Last week, the EPA finalized their ruling on the Disposal of Coal Combustion Residuals from Electric Utilities, which is intended to provide a guideline for the safe handling and storage of coal combustion residuals (CCR), commonly known as coal ash, from coal-fired power plants. The rule impacted technical requirements for landfills holding CCR and is meant to mitigate the risk of leaks reaching into the ground water from wet storage facilities and prevent coal dust entering the atmosphere from dry storage.
According to NPR's Christopher Joyce, coal-fired power plants produce more than 130 million tons of the coal ash each year. The CCR is stored nearby in giant ponds, the subjects of concern for environmentalists for some time, as a number have failed in recent years.
In 2008, a large coal ash spill occurred at the Tennessee Valley Authority (TVA) power plant. The contents of the pond flooded more than 300 acres, and caused CCR to be released into the Emory and Clinch rivers. The TVA has since spent more than $1.2 billion in cleanup efforts.
With the most recent ruling from the EPA, CCR will be allowed to be treated similar to regular garbage, with states left to develop their own standards. The EPA argued that this will allow communities to enact the protections they see fit.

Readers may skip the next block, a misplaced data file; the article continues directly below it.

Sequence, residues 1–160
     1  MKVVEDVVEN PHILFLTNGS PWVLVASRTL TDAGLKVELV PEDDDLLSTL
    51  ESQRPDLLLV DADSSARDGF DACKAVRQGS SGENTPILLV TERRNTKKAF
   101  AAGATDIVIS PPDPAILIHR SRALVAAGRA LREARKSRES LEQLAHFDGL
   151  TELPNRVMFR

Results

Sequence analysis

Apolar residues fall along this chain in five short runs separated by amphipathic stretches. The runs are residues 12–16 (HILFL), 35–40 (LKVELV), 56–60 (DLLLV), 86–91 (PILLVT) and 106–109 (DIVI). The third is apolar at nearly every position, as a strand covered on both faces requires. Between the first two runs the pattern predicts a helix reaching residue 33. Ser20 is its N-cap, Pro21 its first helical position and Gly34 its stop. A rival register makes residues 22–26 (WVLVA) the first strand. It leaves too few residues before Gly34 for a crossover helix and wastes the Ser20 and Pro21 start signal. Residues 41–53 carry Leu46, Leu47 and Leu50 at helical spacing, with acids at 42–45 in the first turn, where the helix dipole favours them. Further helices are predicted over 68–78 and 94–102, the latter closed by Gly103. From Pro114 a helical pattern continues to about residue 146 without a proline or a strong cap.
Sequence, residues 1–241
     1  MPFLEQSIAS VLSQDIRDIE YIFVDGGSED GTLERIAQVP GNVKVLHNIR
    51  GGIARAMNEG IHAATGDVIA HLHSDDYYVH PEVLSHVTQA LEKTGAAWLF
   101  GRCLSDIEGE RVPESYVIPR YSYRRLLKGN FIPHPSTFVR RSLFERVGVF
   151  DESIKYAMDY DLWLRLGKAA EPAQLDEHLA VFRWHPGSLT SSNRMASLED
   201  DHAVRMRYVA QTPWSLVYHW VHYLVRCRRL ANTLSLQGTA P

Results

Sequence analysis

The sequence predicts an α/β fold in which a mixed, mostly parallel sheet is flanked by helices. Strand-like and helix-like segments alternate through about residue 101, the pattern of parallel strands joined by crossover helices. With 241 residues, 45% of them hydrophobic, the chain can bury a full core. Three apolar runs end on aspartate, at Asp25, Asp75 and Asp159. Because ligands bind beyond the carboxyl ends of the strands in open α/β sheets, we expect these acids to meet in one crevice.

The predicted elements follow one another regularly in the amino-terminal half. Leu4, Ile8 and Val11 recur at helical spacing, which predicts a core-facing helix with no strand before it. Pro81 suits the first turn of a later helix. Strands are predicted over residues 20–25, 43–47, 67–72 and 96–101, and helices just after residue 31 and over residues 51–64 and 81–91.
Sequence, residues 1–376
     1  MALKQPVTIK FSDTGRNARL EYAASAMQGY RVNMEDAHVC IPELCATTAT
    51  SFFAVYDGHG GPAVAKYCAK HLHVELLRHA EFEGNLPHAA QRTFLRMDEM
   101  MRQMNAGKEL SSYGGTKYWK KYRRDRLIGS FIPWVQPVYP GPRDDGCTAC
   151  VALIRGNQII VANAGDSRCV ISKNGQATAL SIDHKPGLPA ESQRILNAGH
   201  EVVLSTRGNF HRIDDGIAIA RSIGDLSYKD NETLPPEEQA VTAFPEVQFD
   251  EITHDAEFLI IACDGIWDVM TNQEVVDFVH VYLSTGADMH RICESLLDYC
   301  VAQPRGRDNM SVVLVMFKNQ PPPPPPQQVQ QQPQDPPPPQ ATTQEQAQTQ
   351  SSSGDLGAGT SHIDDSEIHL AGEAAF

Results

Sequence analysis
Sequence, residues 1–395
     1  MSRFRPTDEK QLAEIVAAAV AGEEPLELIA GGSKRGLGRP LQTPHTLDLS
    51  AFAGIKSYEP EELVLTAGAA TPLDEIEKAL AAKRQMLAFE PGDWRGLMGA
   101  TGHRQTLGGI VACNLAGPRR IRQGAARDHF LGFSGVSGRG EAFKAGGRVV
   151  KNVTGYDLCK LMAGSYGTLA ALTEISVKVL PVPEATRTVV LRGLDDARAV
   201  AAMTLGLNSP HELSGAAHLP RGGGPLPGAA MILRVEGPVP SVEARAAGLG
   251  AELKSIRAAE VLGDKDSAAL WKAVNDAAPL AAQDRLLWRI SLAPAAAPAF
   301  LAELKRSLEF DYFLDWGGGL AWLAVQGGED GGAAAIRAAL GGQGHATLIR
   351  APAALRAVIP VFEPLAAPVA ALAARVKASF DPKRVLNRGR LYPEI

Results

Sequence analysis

"It does what we hoped to accomplish … in a very aggressive but reasonable and pragmatic way," EPA Administrator Gina McCarthy said in a press statement.
In addition, the new rules will increase monitoring for leaks and control blowing dust, and require companies to make testing results public. However, the regulations do not cover operations at power plants that have been shuttered, and will allow existing landfills that do not meet the new standards to continue to operate, sparking commentary from environmental groups.
"We had to go to court to force EPA to issue this first-ever coal ash rule, and unfortunately, we will be back in court to force coal plants to clean up their ash dumps and start disposing of their toxic waste safely," EarthJustice attorney Lisa Evans told Fox News.
The EPA left if unclear how long individual states will have to draft their CCR management regulations. Tony Hatton, Kentucky's solid waste division director, told the source that many plants have been moving away from the practice of storage of ash in ponds, and have been increasingly electing to store it in dry landfills. Hatton explained that this strategy helps reduce the likelihood of groundwater contamination.
As a number of groups continue to call for more stringent regulations, states and industry stakeholders can benefit from the insight of environmental consultants to ensure that their storage and containment strategies are comprehensive.